Today, the academic community has reached a consensus on how Macaology is defined. It is a comprehensive subject studying the history, culture and social life of Macao city through document archives and cultural relics, seeking to uncover the deeper idiosyncrasies and cultural attitudes unique to Macao. More concretely, Macaology studies the formation, change and development of Macao’s society from the perspective of material production, social structures, customs and religion. Through multi-disciplinary research, Macaologists interpret the social phenomena of Macao and derive the basic theory and underlying paradigms of this field. The emerging analytical system enables them to explain how Macao developed and what distinguishes its process from other cities, as well as what is unique about the ethos of its residents. Macaology, by definition, studies regional knowledge with an eye to its global importance.

Extensive worldwide research materials
Macao may be a small territory, but Macaologists actually have an incredibly extensive range of materials that might be applicable to their research. To begin with, the field covers anything cultural from the 16th century till now, so more than 400 years of materials are potential objects of research. Secondly, it not only covers what happened in Macao, but also all the cultural collisions and exchanges that happened via Macao, so all sorts of places in China and archival materials on several continents may be relevant to Macaologists. For both the periods from 1630-1833 and from 1834-1999, the Overseas Historical Archives in Portugal contain more than 100,000 documents pertaining to Macao. This is just one of many archives in Portugal that contain relevant documents. Other notable archives and libraries include the Institute of the National Archives (formerly the National Archive of Torre do Tombo), the library at the Lisbon Academy of Sciences, the Lisbon Geographic Society, the Historical Archives of the Portugese Ministry of Foreign Affairs, the Ajuda Library and the Évora Public Library. In Macao there are many important collections as well, such as the library in the Leal Senado Building (the former seat of Macao’s government), the Luis de Camões Museum, the Holy House of Mercy and other major churches in Macao, the parish churches and even some Portuguese-language schools. Macaologists have also done archival research in the Netherlands, Britain, India, Thailand, Japan, Philippines, Spain, Italy, Vietnam and Brazil. The documents they have found cover a wide range of subject areas, from Macao’s politics, history, economics, law and geography, to its religion, literature, art, education, and science. The sheer breadth and the academic value of these materials are beyond measure.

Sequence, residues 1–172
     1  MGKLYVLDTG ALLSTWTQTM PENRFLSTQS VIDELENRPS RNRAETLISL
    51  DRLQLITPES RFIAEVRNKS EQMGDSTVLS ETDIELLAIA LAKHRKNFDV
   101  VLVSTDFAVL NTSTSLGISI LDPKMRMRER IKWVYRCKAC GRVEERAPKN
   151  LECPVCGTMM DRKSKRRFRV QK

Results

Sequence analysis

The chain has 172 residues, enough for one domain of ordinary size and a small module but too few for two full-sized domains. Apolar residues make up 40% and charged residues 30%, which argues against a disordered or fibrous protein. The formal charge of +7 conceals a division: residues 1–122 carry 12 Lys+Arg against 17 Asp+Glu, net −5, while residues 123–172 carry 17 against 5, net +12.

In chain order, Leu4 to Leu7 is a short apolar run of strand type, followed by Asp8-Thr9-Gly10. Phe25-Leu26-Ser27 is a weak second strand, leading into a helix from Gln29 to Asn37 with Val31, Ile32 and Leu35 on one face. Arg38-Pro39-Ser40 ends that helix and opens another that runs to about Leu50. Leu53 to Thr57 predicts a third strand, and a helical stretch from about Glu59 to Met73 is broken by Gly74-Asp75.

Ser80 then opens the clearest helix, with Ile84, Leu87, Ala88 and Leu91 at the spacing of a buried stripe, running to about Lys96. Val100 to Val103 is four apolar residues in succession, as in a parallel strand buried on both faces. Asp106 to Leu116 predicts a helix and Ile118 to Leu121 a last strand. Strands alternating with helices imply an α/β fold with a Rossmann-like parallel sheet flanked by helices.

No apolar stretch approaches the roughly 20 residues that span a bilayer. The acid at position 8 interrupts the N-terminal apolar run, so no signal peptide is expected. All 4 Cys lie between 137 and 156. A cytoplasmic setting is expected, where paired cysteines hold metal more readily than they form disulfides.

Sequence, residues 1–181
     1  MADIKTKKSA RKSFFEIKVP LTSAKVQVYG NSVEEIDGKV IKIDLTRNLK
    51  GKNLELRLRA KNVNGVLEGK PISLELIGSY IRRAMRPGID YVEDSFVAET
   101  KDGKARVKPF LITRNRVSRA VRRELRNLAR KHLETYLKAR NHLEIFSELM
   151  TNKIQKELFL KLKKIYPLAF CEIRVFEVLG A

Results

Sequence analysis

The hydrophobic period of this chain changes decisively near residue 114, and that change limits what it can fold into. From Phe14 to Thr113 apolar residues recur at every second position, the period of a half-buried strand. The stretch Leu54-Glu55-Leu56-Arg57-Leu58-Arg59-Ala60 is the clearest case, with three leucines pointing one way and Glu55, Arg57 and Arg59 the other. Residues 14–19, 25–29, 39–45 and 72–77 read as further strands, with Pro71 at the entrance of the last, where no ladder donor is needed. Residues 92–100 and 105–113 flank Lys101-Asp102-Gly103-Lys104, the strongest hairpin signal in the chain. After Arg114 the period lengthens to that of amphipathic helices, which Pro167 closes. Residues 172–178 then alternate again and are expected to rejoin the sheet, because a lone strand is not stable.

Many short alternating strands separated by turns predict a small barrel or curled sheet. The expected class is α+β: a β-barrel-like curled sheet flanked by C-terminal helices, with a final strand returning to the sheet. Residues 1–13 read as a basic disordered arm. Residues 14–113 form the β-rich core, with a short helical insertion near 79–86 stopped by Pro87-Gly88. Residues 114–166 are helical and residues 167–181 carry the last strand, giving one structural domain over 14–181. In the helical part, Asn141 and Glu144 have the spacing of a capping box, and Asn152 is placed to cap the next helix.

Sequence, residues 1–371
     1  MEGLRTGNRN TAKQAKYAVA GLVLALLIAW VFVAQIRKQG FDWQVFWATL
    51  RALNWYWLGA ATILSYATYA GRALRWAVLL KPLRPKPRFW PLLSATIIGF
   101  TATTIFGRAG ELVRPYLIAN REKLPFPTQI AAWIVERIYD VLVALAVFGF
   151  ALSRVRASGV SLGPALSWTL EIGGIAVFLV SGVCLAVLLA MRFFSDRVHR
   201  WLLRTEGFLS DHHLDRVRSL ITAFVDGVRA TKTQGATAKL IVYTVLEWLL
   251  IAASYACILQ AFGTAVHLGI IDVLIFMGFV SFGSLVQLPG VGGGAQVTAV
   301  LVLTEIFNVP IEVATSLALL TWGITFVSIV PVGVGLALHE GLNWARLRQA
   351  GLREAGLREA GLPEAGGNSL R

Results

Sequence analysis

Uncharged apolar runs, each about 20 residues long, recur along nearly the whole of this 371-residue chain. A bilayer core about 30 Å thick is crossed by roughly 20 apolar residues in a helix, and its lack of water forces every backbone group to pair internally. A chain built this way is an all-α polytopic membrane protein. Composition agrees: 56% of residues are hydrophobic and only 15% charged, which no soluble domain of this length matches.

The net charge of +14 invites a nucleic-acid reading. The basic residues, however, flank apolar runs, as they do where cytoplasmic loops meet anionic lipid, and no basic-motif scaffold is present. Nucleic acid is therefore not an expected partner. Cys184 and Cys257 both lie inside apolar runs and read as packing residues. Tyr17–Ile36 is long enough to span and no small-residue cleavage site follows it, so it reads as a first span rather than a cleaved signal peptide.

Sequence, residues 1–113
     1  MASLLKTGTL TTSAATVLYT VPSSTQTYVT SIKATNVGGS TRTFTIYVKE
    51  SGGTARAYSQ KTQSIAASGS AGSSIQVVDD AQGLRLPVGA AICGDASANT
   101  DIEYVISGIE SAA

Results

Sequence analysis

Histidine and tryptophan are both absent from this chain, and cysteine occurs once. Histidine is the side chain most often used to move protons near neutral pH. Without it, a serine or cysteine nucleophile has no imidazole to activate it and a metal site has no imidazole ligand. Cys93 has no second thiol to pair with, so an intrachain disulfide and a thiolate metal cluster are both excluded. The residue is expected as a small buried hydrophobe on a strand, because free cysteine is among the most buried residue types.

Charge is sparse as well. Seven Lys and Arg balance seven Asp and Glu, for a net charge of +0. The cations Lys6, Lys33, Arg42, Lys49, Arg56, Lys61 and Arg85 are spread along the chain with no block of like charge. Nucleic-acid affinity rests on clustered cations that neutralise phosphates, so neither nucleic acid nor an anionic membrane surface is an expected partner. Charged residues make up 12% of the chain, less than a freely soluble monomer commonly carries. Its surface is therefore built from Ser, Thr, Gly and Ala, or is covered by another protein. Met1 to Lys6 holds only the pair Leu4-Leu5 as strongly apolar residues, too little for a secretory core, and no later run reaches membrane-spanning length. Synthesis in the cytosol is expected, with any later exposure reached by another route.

Scattered throughout the world, the research materials conveying Macaology are vast and varied. In addition to all the extensive archival resources available, Macaologists also glean important information from Macao’s many physical structures and cultural relics, as well as cultural forms like folk customs and language. Both its tangible and intangible inheritance, from beautiful scenery to the troves of texts which document every facet of its society, providegreat possibilities for the sustainable development of Macaology.